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The city held a weekly market for the benefit of its citizens from at least 1213, and by 1281 Exeter was the only town in the south west to have three market days per week.
There are also records of seven annual fairs, the earliest of which dates from 1130, and all of which continued until at least the early 16th century.
During the high medieval period, both the cathedral clergy and the citizens enjoyed access to sophisticated aqueduct systems which brought pure drinking water into the city from springs in the neighbouring parish of St Sidwell's.
For part of their length, these aqueducts were conveyed through a remarkable network of subterranean tunnels, or underground passages, which survive largely intact and which may still be visited today. In 1549, the city successfully withstood a month-long siege by the so-called Prayer Book rebels: Devon and Cornish folk who had been infuriated by the radical religious policies of King Edward VI.
Nothing is certainly known of Exeter from the time of the Roman withdrawal from Britain around the year 410 until around 680 when a document about St Boniface reports that he was educated at an abbey in Exeter.) According to William of Malmesbury, they were sent beyond the River Tamar, which was fixed as the boundary of Devon.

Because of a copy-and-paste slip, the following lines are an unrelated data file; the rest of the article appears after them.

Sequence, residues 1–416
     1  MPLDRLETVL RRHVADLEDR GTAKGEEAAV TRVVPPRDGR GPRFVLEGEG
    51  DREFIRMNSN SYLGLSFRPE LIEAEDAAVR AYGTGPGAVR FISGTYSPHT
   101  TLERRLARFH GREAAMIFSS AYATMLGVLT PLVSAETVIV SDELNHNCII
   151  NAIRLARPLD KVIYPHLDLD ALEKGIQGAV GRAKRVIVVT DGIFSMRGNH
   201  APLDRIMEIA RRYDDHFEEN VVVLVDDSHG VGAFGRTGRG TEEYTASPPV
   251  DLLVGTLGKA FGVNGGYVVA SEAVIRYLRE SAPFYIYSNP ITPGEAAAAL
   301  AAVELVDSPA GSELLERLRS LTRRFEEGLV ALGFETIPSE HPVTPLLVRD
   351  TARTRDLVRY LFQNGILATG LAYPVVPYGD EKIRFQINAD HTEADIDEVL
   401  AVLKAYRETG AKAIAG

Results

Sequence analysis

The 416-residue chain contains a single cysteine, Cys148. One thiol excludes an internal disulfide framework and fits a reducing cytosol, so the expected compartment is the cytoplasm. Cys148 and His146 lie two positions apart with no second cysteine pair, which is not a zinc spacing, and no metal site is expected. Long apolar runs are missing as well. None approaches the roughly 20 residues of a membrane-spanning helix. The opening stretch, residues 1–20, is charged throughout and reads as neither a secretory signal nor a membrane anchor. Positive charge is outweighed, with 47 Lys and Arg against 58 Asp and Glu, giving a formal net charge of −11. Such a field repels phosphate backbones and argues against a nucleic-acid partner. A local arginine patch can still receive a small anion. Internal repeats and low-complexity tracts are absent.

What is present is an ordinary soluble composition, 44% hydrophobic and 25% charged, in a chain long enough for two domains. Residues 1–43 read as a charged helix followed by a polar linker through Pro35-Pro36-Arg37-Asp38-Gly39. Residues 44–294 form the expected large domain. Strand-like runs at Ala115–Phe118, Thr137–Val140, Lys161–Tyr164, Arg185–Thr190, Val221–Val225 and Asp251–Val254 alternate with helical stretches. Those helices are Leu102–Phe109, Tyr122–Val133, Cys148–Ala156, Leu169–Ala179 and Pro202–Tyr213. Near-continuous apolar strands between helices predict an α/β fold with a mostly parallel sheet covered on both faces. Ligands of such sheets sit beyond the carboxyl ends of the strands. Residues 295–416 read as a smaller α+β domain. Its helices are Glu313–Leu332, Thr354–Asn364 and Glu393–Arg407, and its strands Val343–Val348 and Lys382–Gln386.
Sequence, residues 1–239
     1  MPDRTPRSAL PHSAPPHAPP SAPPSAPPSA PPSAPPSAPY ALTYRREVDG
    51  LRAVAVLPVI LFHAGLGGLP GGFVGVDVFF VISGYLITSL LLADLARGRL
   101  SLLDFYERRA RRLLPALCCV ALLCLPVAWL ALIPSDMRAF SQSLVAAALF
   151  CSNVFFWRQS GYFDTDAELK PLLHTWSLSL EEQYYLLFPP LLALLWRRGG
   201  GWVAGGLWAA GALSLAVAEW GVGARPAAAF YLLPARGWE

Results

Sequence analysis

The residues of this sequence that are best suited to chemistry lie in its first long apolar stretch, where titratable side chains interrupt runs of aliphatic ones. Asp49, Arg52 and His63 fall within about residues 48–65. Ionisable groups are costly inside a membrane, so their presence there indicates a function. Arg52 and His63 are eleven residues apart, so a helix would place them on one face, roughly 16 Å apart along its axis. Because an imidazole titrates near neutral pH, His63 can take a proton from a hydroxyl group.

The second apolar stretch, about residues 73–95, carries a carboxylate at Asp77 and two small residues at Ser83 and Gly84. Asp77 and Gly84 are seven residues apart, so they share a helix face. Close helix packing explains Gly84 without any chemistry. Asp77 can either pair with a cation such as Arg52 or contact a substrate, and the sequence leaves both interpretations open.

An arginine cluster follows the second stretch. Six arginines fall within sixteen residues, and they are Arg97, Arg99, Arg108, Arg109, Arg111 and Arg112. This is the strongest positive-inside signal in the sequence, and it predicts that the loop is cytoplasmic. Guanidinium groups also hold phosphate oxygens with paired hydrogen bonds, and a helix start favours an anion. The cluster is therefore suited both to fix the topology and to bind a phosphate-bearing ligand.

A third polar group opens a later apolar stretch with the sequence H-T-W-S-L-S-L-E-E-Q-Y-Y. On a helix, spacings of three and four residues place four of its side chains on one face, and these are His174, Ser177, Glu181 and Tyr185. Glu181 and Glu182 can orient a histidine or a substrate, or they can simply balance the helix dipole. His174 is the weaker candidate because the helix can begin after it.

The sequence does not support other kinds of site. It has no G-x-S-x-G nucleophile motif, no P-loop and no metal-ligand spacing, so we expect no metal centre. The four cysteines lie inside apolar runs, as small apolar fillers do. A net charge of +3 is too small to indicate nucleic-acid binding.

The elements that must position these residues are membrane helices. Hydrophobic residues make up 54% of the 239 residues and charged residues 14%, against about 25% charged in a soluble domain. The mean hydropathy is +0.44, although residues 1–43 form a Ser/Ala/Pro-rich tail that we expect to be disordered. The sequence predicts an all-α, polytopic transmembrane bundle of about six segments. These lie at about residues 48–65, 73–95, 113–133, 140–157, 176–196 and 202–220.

(This may, however, have served as a territorial boundary within the former kingdom of Dumnonia as well.
Exeter began as settlements on a dry ridge ending in a spur overlooking a navigable river teeming with fish, with fertile land nearby.
A number of rebels were executed in the immediate aftermath of the siege.
In 1136, early in the Anarchy, Rougemont Castle was held against King Stephen by Baldwin de Redvers.
Redvers submitted only after a three-month siege, not when the three wells in the castle ran dry, but only after the exhaustion of the large supplies of wine that the garrison was using for drinking, baking, cooking, and putting out fires set by the besiegers.
Thereafter, the city remained firmly under the king’s control until near the end of the war, being one of the final Royalist cities to fall into Parliamentarian hands.
During this period, Exeter was an economically powerful city, with a strong trade of wool.